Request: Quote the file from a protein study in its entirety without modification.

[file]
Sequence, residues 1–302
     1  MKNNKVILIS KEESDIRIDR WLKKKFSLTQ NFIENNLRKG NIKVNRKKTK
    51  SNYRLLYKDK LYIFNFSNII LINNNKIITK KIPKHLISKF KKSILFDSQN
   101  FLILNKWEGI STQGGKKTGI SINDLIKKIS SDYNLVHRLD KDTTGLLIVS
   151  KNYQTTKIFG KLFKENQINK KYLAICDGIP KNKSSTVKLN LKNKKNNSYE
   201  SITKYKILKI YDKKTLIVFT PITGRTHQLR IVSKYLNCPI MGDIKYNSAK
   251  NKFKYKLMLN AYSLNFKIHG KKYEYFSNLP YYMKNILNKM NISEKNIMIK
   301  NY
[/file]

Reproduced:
Sequence, residues 1–302
     1  MKNNKVILIS KEESDIRIDR WLKKKFSLTQ NFIENNLRKG NIKVNRKKTK
    51  SNYRLLYKDK LYIFNFSNII LINNNKIITK KIPKHLISKF KKSILFDSQN
   101  FLILNKWEGI STQGGKKTGI SINDLIKKIS SDYNLVHRLD KDTTGLLIVS
   151  KNYQTTKIFG KLFKENQINK KYLAICDGIP KNKSSTVKLN LKNKKNNSYE
   201  SITKYKILKI YDKKTLIVFT PITGRTHQLR IVSKYLNCPI MGDIKYNSAK
   251  NKFKYKLMLN AYSLNFKIHG KKYEYFSNLP YYMKNILNKM NISEKNIMIK
   301  NY